ballots received through the mail, was cloaked in darkness and complied with none of those transparency and verifiability requirements. This two-track election system not only violates Plaintiffs’ rights guaranteed by the United States Constitution, but also violates the structure of the Constitution that elections in the States must be carried out as directed by their respective legislatures.voting system for the 2020 General Election, devaluing certain votes. 150. Defendants have also violated the Equal Protection Clause because as a result of their desire to ensure opacity, watchers in Allegheny and Philadelphia County do not have the same right as watchers in other Pennsylvania Counties to be present as a matter of law when envelopes containing official absentee and mail-in ballots are reviewed and opened and when such ballots are counted and recorded.
Also, this means voters are at an unequal risk of having their legal votes diluted by ballots that otherwise should be disqualified. There is no legitimate state interest justifying this disparity.
There are still other passages which were removed in the Amended Complaint, and it is hard to know why without an explanation from counsel. One possibility — which would have been my preference if the task had fallen to me — would have been to simply strip out unnecessary factual allegations that served no purpose other than making the complaint double as a press release.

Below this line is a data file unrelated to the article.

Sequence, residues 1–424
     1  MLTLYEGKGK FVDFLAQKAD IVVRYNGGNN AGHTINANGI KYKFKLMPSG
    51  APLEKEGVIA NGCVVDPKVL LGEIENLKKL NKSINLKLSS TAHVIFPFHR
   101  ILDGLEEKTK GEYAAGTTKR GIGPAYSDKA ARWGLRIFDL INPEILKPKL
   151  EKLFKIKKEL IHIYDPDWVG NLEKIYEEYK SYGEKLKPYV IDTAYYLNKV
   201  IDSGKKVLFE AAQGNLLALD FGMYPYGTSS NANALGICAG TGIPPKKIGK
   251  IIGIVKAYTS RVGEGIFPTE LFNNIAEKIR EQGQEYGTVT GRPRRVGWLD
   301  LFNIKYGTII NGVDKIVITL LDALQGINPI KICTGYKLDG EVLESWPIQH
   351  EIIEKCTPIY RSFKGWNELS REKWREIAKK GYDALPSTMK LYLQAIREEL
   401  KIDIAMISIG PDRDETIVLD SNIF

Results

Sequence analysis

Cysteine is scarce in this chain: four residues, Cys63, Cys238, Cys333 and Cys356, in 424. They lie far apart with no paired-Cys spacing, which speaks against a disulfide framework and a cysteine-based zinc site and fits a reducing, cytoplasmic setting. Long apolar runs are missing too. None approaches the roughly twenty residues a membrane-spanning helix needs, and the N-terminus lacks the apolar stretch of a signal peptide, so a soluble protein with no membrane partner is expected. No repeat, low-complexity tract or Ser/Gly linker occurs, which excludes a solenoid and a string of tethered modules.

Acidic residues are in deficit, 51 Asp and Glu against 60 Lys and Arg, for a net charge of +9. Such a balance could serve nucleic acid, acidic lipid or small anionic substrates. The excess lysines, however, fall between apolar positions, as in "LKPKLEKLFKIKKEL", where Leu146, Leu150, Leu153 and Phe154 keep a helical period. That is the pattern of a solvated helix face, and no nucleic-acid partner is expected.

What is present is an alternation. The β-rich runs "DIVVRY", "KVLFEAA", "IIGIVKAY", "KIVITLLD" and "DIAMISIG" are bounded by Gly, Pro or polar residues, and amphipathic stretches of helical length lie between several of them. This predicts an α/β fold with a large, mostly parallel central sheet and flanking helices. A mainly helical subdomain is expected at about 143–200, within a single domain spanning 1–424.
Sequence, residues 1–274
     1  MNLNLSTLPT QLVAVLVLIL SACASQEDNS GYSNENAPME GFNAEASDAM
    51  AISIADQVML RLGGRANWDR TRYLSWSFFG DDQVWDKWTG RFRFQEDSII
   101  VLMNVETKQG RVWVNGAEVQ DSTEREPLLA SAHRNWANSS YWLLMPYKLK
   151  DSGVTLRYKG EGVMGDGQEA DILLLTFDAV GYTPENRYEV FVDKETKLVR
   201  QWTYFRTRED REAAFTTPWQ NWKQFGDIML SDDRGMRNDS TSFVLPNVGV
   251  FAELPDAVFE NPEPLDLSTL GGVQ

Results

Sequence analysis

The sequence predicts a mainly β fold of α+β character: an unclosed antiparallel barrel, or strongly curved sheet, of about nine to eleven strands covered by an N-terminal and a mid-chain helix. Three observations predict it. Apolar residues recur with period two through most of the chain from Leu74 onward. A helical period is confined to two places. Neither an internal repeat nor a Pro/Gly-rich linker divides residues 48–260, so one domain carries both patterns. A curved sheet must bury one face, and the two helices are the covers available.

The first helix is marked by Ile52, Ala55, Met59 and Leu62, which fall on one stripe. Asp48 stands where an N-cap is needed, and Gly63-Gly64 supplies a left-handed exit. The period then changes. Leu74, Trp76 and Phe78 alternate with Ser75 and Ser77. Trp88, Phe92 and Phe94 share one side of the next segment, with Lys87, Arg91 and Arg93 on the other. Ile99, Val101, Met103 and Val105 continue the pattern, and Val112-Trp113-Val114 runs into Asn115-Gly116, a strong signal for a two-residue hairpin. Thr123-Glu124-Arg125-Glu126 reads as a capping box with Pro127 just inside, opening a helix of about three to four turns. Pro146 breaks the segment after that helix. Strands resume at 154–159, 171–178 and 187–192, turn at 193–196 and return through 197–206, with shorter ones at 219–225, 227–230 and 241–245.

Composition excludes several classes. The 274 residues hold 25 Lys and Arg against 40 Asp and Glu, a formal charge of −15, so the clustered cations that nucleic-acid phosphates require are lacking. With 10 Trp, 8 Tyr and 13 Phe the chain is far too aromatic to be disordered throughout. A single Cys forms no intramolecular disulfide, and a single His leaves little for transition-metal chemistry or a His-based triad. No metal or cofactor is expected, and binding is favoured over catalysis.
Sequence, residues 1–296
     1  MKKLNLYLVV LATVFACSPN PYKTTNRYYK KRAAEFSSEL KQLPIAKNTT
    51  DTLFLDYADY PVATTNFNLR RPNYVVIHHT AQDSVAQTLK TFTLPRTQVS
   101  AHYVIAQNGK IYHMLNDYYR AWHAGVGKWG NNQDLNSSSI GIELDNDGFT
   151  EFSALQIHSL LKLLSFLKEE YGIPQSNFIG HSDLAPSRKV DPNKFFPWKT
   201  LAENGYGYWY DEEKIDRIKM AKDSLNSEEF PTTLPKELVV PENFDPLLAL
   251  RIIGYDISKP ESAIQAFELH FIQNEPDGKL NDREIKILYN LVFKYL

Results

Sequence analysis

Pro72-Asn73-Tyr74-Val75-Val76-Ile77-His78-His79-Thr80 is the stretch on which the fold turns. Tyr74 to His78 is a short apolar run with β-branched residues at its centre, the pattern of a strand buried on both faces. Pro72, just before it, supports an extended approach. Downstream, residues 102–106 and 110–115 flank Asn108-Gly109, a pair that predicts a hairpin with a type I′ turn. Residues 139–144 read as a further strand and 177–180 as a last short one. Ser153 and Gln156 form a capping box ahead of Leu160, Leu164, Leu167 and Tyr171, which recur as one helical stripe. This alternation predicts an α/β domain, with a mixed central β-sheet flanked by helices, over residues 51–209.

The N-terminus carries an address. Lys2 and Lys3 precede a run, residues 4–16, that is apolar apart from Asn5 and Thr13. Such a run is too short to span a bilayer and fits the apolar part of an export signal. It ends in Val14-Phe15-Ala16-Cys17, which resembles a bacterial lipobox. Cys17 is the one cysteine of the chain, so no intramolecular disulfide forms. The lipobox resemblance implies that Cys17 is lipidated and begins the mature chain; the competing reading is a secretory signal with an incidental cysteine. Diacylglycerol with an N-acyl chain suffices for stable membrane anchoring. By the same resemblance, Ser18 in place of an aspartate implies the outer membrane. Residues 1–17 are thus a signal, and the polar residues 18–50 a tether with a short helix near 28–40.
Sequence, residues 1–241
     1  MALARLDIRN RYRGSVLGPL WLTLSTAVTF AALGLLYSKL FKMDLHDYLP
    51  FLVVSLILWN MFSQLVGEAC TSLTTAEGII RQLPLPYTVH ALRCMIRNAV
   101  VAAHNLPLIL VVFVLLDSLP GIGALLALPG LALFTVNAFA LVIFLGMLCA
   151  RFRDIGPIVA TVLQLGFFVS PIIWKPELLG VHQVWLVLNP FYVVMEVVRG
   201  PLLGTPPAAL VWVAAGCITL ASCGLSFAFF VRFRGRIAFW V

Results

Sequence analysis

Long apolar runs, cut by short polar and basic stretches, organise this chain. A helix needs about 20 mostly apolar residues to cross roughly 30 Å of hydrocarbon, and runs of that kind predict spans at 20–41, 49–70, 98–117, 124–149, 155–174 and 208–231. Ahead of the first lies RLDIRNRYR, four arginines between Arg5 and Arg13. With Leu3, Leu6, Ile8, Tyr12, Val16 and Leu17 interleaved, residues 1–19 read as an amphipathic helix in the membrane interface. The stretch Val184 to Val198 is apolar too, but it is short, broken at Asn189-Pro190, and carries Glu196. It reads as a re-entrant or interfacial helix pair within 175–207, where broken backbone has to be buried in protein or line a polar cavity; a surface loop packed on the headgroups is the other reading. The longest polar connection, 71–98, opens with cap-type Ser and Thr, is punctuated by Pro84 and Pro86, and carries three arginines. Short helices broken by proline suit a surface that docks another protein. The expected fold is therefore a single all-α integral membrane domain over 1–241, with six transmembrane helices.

Still other factual allegations may have been removed because they only applied to the claims which had to be dropped due to the new Third Circuit decision.
But another possibility — which might be part of the reason why Porter Wright withdrew from the case — is that the original attorneys may have taken some “liberalities” with the alleged facts as were being conveyed to them in those first few days following the election in order to draft the original complaint. That document was filed only 6 days after election day, and only a couple of days after all the “mail-in” ballots were finally counted according to the seven counties who were named as Defendants.
Making changes in the manner in which they have been made can reflect negatively on the attorneys who were responsible for the original complaint — especially in the eyes of the Court. Changes of this nature can raise questions bout the diligence of the preparation that went into the first complaint before it was filed. I’m certain that the Court will make inquires of Plaintiff’s counsel at the hearing tomorrow on the motions to dismiss filed by the various defendants about the changes that have been made, and ask for some explanation about what transpired on the Plaintiffs’ side.